JOHANNESBURG (miningweekly.com) – Global silver production is projected to fall in 2016 by as much as 5% year-on-year as output from more mature operations begins to decline and the lower-price environment provides little incentive for producers to invest in expanding capacity at existing operations, noted a report by specialist commodity analyst The Silver Institute on Thursday.
This would represent the first reduction in global silver mine production since 2002 and would likely continue through to 2019, forecast the report.
Scrap supply, which had been on the decline for several years, would also weaken further in 2016 owing to additional losses in photographic scrap, a depleted pool of near-market silverware, jewellery and coins, as well as slowed scrap flows from industrial sources.
Industrial scrap, such as electronics, cost more to recycle, while the current price environment weighed on the profitability of recovering silver from these end-of-life items, held the institute.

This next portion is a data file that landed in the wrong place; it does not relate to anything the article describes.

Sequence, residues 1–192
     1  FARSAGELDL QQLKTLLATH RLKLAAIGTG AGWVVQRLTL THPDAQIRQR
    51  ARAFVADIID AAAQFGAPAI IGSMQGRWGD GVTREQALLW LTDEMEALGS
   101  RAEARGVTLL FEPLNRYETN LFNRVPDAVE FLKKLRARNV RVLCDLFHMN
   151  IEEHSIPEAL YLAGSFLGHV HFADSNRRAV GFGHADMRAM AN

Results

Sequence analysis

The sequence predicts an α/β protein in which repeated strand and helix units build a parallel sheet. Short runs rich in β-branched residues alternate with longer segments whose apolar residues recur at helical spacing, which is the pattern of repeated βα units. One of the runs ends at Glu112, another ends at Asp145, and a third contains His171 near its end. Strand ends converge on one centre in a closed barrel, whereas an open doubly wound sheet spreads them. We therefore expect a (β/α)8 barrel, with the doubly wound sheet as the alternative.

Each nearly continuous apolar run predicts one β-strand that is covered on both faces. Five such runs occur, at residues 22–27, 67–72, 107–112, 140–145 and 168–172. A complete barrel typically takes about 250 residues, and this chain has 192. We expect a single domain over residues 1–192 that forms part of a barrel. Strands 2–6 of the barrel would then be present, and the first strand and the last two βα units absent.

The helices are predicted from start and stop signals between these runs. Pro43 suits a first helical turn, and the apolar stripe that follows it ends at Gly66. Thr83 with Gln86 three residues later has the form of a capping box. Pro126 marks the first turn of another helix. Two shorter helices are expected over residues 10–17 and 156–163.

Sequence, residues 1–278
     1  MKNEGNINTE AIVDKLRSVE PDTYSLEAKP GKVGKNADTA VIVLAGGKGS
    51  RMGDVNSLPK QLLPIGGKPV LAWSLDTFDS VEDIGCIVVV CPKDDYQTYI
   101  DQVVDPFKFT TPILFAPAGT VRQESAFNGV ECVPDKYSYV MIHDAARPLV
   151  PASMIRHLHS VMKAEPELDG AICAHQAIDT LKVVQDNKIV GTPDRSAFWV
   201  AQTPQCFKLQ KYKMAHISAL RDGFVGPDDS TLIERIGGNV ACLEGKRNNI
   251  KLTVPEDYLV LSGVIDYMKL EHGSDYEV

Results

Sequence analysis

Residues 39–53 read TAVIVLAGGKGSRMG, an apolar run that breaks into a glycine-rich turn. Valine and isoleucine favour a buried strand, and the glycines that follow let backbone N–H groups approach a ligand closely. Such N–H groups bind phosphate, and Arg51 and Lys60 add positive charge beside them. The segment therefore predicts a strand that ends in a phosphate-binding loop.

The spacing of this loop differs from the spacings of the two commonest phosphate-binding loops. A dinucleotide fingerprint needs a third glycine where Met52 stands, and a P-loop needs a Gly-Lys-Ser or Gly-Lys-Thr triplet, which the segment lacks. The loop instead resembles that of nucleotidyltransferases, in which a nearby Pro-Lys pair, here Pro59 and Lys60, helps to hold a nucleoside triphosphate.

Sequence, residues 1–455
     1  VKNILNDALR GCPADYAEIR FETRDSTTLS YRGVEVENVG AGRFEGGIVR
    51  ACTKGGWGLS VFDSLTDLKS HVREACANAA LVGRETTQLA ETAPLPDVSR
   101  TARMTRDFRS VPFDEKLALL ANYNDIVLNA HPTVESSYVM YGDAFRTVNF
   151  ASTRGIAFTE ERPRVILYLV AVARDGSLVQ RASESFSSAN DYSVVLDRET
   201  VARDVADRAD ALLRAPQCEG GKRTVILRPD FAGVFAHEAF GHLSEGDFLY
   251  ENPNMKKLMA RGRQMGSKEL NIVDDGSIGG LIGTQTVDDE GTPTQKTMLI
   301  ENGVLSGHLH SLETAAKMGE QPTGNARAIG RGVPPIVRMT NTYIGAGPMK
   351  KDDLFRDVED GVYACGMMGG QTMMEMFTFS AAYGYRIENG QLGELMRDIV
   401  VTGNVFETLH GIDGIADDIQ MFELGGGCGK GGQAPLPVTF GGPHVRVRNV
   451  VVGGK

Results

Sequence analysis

This, as demand for silver would likely rise, amid increased need for the metal in industrial applications, solar-energy projects, ethylene oxide production, as well as boosted investment appetite.
As a result, the silver market deficit was expected to widen in 2016, drawing down on aboveground stocks and driven by a strong contraction in supply.
The silver price was, meanwhile, expected to find solid ground this year, with prices up 3.7% month-on-month in January.
This price appreciation came on the back of increased safe-haven demand amid volatile and weakening equity markets across the globe.